Oxford awarded £13.5m for DPhil places and further funding for quantum research | University of Oxford
Jo Johnson Vice-Chancellor
Universities and Science Minister Jo Johnson met the Vice-Chancellor, Professor Louise Richardson, during his visit to Oxford to announce funding for doctoral places and quantum research.

Image credit: John Cairns

Oxford awarded £13.5m for DPhil places and further funding for quantum research

Oxford University is to receive £13.5 million from the Government to support DPhil students in engineering and physical sciences, as well as significant funding geared towards boosting the UK's research into quantum technologies.

The Universities and Science Minister, Jo Johnson, made the announcement during a visit to Oxford, where he saw first-hand the world-leading research being carried out at the University.

Oxford's funding is part of a national investment in science totalling £204 million – £167 million for Doctoral Training Partnerships involving 40 universities and £37 million as part of the UK's National Quantum Technologies Programme.

During his visit to Oxford, Mr Johnson was shown laboratory and workshop facilities, and met doctoral students, in the University's Networked Quantum Information Technologies (NQIT) Hub and Mobile Robotics Group.

Mr Johnson said: 'We are committed to securing the UK's position as a world leader in science and innovation. The Government is ensuring major new discoveries happen here, such as the creation of super-powerful quantum computers which scientists are working on in Oxford. This new funding builds on our protection for science spending by supporting research in our world-leading universities and helping to train the science leaders of tomorrow.'

As well as £13.5 million for doctoral places across engineering and the physical sciences, Oxford will receive a share of £25 million for strategic capital investment in quantum technologies. Led by Professor Andrew Briggs, the Oxford project receiving capital funding will investigate ways of developing simulation tools for quantum systems, helping ensure that these complex technologies are not corrupted by environmental or external disturbances such as magnetic fields.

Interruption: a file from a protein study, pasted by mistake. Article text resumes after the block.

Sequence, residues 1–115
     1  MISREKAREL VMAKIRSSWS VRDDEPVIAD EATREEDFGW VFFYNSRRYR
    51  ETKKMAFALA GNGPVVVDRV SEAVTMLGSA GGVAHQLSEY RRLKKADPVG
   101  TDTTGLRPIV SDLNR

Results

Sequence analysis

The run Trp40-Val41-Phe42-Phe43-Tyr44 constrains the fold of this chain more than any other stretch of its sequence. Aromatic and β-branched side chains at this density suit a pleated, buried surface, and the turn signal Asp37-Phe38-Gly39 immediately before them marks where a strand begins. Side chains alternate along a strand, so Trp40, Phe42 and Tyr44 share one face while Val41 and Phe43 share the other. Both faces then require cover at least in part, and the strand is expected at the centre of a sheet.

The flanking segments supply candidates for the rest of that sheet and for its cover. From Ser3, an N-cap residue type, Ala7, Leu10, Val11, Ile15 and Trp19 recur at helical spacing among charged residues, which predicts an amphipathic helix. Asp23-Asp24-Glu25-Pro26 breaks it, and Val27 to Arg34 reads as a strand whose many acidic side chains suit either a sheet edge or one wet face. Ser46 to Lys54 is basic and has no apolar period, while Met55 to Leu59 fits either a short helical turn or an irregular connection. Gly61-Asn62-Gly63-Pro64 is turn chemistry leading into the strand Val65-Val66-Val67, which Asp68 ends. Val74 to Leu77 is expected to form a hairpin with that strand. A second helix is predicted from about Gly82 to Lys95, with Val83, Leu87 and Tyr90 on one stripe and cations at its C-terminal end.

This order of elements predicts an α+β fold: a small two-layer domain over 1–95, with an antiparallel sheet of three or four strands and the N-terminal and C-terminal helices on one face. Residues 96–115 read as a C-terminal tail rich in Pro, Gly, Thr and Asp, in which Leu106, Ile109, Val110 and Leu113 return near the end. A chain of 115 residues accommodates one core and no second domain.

Professor Louise Richardson, Vice-Chancellor of the University of Oxford, said: 'Quantum technologies promise to revolutionise the way we live our lives. At Oxford we stand at the forefront of this revolution through our world-class research and training programmes. It is a pleasure to welcome the Minister to Oxford to announce support for this key research area, as well as significant funding for doctoral places in engineering and physical sciences that will help us continue to train the leading scientists of the future.'

Professor Ian Walmsley, Hooke Professor of Experimental Physics, NQIT Hub Director, and Pro-Vice-Chancellor (Research and Innovation) at the University of Oxford, said: 'Quantum technologies will deliver novel sensors, secure communications and advanced computing that are impossible with conventional technologies. This radical reconnection of the information processing landscape will also deliver benefits to society, and to the UK economy, through highly skilled and knowledgeable graduate students who work at the cutting edge of the field and are able to translate quantum science into applications through new technologies.'

The funding will be distributed via the Engineering and Physical Sciences Research Council (EPSRC). Professor Philip Nelson, Chief Executive of EPSRC, said: 'This year we are allocating £167 million to universities via Doctoral Training Partnerships (DTPs). These will cover a two-year period and will give institutions greater certainty and increased time to plan their DTP programmes and support excellent doctoral students. In addition, we are investing in training and providing capital for research to ensure that the National Quantum Technologies Programme can make the most of the country's research talents. These strategic investments will help science push at the boundaries and make discoveries that are taken through into innovations.'